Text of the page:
• 0 avatar
            Art Vandelay

            Because obtaining the lease is a tiny part of the cost of producing the oil and nobody wants to risk the rest of the cost (you know, the trivial and totally non capital intensive bits like obtaining the rigs, hiring the workers, setting up distribution and logistics, fighting 5he inevitable lawsuits…those little things) when the administration has stated they support policies that would put them out of business.

            Glad you arent worried. Neither am I so how about you don’t come to me for another stimulus or something and keep paying your fuel taxes then since all is well.

      • 0 avatar
        Dartdude

        Don’t use any yahoo news articles as fact. They always twist the truth. Kid runs in the street and bus runs him over. Yahoo interpretation Bus runs over kid.

        • 0 avatar
          FreedMike

          Here’s an article from Forbes, if you find that more credible. It basically says the same thing as the Yahoo article.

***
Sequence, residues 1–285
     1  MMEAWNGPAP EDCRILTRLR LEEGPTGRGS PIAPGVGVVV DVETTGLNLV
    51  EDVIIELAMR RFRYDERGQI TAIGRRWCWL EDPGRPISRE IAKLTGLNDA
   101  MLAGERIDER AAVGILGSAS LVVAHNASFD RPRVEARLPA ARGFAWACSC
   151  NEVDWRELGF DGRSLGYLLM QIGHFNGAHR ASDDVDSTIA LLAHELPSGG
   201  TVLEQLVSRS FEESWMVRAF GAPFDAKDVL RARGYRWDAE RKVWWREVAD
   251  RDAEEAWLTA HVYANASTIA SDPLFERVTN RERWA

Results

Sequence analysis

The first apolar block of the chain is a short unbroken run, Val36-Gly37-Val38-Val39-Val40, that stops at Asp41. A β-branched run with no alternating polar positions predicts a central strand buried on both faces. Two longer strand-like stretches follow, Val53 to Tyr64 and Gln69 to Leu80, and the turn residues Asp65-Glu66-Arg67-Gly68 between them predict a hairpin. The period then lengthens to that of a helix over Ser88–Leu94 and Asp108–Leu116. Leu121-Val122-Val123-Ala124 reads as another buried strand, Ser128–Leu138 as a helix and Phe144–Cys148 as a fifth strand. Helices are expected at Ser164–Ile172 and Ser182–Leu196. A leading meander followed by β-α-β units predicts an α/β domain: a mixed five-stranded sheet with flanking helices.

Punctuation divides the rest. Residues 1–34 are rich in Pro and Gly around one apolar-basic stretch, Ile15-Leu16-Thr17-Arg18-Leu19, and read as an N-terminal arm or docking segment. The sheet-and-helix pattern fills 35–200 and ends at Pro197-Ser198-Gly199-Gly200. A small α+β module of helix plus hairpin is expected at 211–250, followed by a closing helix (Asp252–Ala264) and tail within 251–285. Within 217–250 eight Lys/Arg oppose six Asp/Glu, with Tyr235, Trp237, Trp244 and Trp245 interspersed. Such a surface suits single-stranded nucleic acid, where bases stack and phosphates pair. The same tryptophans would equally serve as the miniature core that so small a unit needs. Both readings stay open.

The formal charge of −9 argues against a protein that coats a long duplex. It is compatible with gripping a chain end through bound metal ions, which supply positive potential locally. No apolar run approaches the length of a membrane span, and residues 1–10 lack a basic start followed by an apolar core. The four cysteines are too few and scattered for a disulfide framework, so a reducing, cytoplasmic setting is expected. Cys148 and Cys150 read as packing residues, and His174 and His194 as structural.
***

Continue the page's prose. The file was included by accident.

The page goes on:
https://www.forbes.com/advisor/investing/high-oil-prices/

          The problem is the worldwide price of oil.

  • avatar
    MitchConner

    Look, the Biden administration is dominated by California money — with most of that coming from Silicon Valley. Those people have more money than they know what do with — and even though they were smart enough to make it in tech — are basically detached from reality and have no ability to relate to the middle or working class. Just look at their state. It’s an oppressive, high tax, high cost pigsty rocketing toward third world status.